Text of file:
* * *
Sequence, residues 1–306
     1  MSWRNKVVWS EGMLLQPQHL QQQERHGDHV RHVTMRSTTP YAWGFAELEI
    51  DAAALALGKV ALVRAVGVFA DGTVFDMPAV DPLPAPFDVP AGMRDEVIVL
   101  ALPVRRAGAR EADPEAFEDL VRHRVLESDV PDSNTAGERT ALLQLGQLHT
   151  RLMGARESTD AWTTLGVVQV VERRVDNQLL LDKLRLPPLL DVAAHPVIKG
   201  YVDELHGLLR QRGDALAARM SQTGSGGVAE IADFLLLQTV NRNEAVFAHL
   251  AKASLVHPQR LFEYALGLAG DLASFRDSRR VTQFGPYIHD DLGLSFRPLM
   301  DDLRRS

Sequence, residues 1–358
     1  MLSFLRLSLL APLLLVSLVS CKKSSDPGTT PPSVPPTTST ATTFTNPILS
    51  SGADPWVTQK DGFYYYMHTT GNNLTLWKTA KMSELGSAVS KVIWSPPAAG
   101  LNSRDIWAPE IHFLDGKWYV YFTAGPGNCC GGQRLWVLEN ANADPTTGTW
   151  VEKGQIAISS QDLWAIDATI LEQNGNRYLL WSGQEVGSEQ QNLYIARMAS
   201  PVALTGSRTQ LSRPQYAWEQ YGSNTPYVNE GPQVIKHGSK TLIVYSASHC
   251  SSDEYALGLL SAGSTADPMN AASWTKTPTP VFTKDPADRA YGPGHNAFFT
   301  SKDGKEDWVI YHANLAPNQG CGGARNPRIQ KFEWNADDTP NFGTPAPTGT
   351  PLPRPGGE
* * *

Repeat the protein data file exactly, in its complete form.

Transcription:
Sequence, residues 1–306
     1  MSWRNKVVWS EGMLLQPQHL QQQERHGDHV RHVTMRSTTP YAWGFAELEI
    51  DAAALALGKV ALVRAVGVFA DGTVFDMPAV DPLPAPFDVP AGMRDEVIVL
   101  ALPVRRAGAR EADPEAFEDL VRHRVLESDV PDSNTAGERT ALLQLGQLHT
   151  RLMGARESTD AWTTLGVVQV VERRVDNQLL LDKLRLPPLL DVAAHPVIKG
   201  YVDELHGLLR QRGDALAARM SQTGSGGVAE IADFLLLQTV NRNEAVFAHL
   251  AKASLVHPQR LFEYALGLAG DLASFRDSRR VTQFGPYIHD DLGLSFRPLM
   301  DDLRRS

Sequence, residues 1–358
     1  MLSFLRLSLL APLLLVSLVS CKKSSDPGTT PPSVPPTTST ATTFTNPILS
    51  SGADPWVTQK DGFYYYMHTT GNNLTLWKTA KMSELGSAVS KVIWSPPAAG
   101  LNSRDIWAPE IHFLDGKWYV YFTAGPGNCC GGQRLWVLEN ANADPTTGTW
   151  VEKGQIAISS QDLWAIDATI LEQNGNRYLL WSGQEVGSEQ QNLYIARMAS
   201  PVALTGSRTQ LSRPQYAWEQ YGSNTPYVNE GPQVIKHGSK TLIVYSASHC
   251  SSDEYALGLL SAGSTADPMN AASWTKTPTP VFTKDPADRA YGPGHNAFFT
   301  SKDGKEDWVI YHANLAPNQG CGGARNPRIQ KFEWNADDTP NFGTPAPTGT
   351  PLPRPGGE